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All About Energy

10 Things Your CEO Needs to Know About Energy

Incite Energy Dec 22, 2016 8:03:00 AM
Incite Energy
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When you're looking at your annual budget and trying to find ways to save, energy use isn't typically the first thing to spring to mind. Controlling your energy spend is a great way to lower operating costs, ultimately increasing your profit margins. But before diving head first into solutions, here are 10 things you should know about buying energy (or: what goes into your energy cost).


  1. Spring and autumn are usually the best times to get the lowest energy rates. Start shopping early so you can compare prices as we move through the seasons.


  2. Demand response is a guaranteed source of income (This is not true.  DR is dependent on 100% performance against your obligation. It also requires your Level III QSE satisfying the entire portfolio of what was bid at auction.  If the QSE has it written into their contract that payment is made following portfolio performance vs. individual performance, you may not get your full payment you were expecting if someone in the portfolio didn't perform. The average business makes $9,000 a year.
  3. If your business is a non-profit or a manufacturer, you may not have to pay sales tax on all of the energy you consume.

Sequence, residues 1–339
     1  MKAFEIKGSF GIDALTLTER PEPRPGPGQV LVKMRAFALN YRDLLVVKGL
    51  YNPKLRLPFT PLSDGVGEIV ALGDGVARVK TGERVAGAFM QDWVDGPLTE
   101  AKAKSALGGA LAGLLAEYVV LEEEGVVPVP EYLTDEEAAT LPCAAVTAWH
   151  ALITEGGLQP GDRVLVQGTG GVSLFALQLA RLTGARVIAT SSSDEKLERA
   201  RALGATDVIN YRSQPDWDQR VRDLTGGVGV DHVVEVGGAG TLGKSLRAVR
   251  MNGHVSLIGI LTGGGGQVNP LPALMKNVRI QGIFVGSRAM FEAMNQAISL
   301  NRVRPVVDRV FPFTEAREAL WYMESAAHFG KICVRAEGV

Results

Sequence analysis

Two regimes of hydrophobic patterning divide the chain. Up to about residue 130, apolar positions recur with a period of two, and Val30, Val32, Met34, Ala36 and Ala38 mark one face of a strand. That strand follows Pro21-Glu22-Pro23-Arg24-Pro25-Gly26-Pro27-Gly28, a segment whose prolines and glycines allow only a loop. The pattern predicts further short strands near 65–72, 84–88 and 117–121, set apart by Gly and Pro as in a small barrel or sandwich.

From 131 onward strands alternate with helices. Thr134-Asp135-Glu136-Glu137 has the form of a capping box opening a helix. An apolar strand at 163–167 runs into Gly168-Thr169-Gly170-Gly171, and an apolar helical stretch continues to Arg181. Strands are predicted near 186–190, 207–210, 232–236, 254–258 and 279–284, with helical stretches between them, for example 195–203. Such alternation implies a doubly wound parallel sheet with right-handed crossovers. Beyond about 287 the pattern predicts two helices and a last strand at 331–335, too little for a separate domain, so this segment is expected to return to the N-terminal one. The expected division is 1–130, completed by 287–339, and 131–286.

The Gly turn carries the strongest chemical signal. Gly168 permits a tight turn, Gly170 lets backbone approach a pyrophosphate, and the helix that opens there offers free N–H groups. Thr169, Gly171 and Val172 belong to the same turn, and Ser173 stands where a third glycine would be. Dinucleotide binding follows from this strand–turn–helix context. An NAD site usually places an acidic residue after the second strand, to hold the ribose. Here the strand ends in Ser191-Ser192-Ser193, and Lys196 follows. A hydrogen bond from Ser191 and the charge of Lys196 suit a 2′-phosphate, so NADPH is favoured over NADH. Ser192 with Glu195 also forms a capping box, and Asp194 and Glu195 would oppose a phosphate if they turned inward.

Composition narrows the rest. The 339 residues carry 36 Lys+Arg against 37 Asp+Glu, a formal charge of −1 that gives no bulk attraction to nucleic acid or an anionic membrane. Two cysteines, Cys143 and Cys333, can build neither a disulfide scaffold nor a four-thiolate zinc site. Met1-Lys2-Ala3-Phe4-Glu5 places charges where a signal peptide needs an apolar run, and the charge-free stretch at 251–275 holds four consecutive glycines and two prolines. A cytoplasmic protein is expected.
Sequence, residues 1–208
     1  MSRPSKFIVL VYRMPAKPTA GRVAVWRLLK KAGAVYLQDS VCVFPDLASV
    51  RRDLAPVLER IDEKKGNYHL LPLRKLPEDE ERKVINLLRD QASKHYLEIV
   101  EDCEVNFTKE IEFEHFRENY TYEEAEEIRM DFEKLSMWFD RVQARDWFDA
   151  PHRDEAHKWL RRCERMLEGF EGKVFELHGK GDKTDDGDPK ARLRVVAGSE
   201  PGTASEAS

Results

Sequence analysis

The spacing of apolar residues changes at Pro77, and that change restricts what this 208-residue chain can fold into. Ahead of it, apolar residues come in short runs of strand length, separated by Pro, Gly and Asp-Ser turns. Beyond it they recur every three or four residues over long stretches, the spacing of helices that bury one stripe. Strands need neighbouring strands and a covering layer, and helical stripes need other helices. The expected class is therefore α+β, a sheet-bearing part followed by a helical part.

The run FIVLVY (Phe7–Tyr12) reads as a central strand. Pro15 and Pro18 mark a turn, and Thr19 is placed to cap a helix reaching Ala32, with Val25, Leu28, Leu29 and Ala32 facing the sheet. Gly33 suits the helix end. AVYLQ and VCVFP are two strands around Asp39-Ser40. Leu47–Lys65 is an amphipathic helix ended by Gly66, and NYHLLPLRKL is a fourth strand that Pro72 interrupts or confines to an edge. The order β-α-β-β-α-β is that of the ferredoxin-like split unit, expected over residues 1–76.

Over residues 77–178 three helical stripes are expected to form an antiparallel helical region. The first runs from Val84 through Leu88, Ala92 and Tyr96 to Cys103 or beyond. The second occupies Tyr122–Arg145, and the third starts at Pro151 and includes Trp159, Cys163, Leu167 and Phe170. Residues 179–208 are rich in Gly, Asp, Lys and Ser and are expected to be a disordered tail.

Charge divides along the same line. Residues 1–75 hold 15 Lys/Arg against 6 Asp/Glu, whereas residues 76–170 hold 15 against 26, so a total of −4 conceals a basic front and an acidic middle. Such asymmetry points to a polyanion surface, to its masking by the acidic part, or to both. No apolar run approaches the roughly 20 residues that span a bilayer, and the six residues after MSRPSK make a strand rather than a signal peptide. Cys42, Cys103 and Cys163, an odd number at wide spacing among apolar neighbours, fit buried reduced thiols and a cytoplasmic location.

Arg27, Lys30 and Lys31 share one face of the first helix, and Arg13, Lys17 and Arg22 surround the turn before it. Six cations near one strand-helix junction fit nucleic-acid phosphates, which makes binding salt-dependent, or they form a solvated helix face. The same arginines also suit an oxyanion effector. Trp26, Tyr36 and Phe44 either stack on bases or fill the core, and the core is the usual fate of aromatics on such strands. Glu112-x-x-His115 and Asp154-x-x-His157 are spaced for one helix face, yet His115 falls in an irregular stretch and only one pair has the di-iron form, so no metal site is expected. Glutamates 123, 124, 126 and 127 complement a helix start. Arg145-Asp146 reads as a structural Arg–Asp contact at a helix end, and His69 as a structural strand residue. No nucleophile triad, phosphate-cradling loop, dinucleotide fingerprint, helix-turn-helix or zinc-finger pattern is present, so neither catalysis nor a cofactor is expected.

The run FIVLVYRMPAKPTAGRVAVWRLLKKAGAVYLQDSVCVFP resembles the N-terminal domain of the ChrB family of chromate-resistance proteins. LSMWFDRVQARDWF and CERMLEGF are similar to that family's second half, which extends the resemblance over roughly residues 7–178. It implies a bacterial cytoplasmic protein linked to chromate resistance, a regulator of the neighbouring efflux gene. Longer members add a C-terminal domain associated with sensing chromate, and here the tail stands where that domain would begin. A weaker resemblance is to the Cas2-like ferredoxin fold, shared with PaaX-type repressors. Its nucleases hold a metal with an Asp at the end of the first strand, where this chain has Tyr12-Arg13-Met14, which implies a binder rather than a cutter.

4. Everyone pays for the delivery of electricity, but how much you pay actually depends on how much and how often you use it.  There are ways to control your demand-based charges.  You pay for energy delivery, but if you use enough power, you can lower how much you pay.
  5. Grouping multiple locations in deregulated states will increase your buying power and get you a better contract rate.
  6. Energy brokers are paid 1 of 3 ways: an upfront fee from the client, an embedded fee in the contract rate, or by the supplier .
  7. Always get energy rate bids from at least 3 suppliers.  Don't forget to get pricing from each supplier on the same day for the same contract terms to ensure you're getting an apples-to-apples comparison.
  8. The average price of electricity tends to go up year over year, partly because of increasing delivery costs, regulatory changes, or capacity auction results.
  9. Summer and winter are typically the most expensive times to buy energy.
  10. The monthly average commercial energy bill for U.S. businesses is $670.82.

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Topics: Energy Cost, energy rates